A student's guide to procrastination

 
Dave Griffith-Jones | January 9th 2018

Why do today what you can put off until tomorrow?

Why work on your paper just after it was set, when you can do an all-nighter the day before the deadline? Why start studying for an exam today, when you could write a to-do list instead? Why study at all now when you could just cram the day before the exam? 

Why go to the lab or the library when you’ve got endless series on Netflix to binge on? Why listen in class when you could read this blog?

The result

Living this way hurts. We kid ourselves that we work best under pressure, but the studies show otherwise. We sacrifice sleep, and our health with it.  The stress makes us grumpy with those around us. We go whole weeks without seeing our friends or calling home when a deadline looms. We skip church for a month during exam season when we have spent half our waking hours that year on social media.

We know all this.  So why do we still do it?

Procrastination is a flimsy refuge that doesn’t truly protect you

The wrong refuge

We procrastinate because we’re hiding from something.  Maybe from hard work, or from responsibility, or from the risk of failure.

When we procrastinate from difficult things like this, we’re making things other than Jesus our refuge—our safe space, our hiding place. We put things off to protect ourselves from things or people we find threatening and instead, we find refuge in the things that take their place. You might find refuge in affirmation (hours spent scrolling on Instagram) or relaxation (binge watching a series on Netflix). These things make terrible refuges; they comfort us momentarily but leave us unsatisfied and unprepared. The work still has to be done, but in a rush. Procrastination is a flimsy refuge that doesn’t truly protect you.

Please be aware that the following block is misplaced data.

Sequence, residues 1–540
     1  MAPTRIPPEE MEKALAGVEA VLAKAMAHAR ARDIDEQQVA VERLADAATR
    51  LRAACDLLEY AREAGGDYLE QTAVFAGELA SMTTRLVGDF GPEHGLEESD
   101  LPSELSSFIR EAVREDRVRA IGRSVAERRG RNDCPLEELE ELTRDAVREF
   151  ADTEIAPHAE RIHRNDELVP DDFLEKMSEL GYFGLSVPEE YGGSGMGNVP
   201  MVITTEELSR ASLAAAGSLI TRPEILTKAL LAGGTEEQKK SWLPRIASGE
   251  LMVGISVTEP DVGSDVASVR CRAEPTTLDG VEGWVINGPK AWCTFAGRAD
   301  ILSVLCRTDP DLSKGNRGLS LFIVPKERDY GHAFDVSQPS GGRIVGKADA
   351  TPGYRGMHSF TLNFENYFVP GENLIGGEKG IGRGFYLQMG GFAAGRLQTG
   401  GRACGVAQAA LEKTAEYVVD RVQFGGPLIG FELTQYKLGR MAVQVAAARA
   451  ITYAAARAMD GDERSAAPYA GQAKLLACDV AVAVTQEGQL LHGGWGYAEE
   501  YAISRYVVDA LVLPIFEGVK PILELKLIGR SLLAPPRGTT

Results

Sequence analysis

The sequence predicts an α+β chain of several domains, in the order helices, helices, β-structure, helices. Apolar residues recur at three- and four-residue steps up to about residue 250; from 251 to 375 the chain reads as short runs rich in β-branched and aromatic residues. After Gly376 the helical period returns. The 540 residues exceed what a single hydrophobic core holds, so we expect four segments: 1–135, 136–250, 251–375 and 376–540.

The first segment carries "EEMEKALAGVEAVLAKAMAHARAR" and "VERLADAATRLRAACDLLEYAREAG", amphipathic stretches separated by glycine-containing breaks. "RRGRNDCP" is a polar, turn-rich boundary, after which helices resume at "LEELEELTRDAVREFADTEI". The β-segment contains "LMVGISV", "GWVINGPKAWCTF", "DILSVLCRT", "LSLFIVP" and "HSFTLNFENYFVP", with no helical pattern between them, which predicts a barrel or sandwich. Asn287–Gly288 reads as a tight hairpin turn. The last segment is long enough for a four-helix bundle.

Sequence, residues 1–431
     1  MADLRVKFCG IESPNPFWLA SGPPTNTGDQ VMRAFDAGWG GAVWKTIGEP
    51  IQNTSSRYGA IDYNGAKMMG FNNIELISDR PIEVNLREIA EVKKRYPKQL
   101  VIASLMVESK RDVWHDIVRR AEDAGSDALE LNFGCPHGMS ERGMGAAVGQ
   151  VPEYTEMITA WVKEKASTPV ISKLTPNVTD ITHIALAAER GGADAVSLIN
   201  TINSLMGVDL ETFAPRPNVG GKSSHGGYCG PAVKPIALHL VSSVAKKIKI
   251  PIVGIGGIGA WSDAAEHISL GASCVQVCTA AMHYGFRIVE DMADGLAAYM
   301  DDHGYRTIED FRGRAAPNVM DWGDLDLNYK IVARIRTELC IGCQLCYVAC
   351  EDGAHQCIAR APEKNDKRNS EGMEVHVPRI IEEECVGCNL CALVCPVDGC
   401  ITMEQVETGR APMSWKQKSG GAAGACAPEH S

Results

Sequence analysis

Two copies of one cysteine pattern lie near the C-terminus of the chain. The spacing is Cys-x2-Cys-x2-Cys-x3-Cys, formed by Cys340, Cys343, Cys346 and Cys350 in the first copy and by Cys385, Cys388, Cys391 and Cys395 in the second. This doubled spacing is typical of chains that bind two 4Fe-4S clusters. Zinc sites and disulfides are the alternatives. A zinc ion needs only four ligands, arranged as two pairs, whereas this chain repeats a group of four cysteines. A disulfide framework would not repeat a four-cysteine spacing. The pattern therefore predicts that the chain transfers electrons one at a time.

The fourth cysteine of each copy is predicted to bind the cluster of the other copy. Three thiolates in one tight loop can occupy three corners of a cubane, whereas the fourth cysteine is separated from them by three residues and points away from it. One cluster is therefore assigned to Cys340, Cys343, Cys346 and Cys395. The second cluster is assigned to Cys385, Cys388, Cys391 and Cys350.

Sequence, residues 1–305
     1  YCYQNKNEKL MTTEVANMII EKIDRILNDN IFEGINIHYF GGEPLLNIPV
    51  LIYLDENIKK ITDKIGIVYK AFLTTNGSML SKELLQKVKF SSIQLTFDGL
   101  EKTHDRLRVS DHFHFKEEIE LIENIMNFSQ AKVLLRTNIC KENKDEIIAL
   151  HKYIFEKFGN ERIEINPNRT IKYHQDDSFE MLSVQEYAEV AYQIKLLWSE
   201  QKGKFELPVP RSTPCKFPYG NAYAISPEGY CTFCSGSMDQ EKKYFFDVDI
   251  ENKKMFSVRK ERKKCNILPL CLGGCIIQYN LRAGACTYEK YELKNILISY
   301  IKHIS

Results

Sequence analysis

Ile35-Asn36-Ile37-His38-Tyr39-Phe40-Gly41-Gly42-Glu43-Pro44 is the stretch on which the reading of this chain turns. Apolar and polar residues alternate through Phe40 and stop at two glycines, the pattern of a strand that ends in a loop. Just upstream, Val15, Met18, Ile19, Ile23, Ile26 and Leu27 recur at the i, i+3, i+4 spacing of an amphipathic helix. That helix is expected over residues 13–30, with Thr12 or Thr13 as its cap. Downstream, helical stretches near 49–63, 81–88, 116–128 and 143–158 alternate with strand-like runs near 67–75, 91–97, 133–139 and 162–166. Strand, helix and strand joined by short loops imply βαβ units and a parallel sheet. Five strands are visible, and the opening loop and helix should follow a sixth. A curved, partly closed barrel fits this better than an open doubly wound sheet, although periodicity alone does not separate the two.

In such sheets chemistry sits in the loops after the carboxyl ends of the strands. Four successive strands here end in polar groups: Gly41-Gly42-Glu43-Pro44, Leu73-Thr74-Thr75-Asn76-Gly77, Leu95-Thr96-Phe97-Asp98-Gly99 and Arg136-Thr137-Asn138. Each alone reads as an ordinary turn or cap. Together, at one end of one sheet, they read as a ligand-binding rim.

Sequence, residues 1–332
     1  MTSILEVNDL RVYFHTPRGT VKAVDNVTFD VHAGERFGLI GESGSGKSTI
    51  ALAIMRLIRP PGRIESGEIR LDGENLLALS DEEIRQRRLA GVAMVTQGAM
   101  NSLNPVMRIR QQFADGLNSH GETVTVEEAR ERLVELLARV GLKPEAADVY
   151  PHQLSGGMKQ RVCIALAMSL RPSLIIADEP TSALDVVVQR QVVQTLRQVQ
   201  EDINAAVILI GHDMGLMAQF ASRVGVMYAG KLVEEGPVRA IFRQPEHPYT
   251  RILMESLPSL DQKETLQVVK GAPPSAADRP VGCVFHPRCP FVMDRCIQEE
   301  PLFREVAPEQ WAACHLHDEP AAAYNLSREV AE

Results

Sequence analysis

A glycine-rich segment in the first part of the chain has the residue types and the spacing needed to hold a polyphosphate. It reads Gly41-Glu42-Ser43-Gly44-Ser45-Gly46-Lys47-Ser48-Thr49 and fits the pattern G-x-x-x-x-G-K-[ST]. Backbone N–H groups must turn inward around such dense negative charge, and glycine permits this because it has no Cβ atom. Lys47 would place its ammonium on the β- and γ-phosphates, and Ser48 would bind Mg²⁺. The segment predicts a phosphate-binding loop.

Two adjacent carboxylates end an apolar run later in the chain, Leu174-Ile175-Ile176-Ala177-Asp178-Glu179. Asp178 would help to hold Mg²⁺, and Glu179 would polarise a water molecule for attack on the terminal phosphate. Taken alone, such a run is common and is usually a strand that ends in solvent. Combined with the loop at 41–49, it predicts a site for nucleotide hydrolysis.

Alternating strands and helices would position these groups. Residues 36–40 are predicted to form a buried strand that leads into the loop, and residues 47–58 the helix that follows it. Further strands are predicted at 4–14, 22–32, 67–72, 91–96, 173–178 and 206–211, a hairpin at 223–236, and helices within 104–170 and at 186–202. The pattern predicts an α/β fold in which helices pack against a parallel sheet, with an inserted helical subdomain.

The strong refuge

So if you want to stop putting things off and start taking things on, you need to find a better refuge—the Lord Jesus, who has conquered sin and death and reigns from heaven.

King David wrote Psalm 11 when he was facing something much scarier than an essay deadline—wicked people were conspiring against his life. But this is what he wrote:

 

In the LORD I take refuge.

How then can you say to me:

‘Flee like a bird to your mountain?’

(Psalm 11 v 1)

 

Without a strong refuge, David would have to hide from his enemies.  But with the Lord as his refuge, he doesn’t need to run away.  He’s not caught in open ground. He can stand strong in the face of difficulty and danger. 

You too can make the Lord your refuge when you’re tempted to procrastinate. Instead of waiting until the night before the deadline, you can pray to Jesus for strength to start work straight away. Instead of delaying studying until the week before the exam, you can remind yourself that with God as your refuge anything is possible and start work today. Instead of binge-watching the latest sitcom, you can say Psalm 11 in your head and go to your 9am class.

Making Jesus your refuge will be good for your health and for your relationships, good for your friends and for your faith—and probably good for your grades too. 

For more on how making Jesus your refuge helps you to stop putting things off and start taking things on, get hold of Dave’s book, Escaping Escapism.

Dave Griffith-Jones

Dave is Team Rector in Drypool, east Hull, UK. Before that, he pastored in Toxteth, Liverpool. He is married to Helen and they have four children. Dave is a regular contributor to the Explore daily Bible-reading series.

Featured product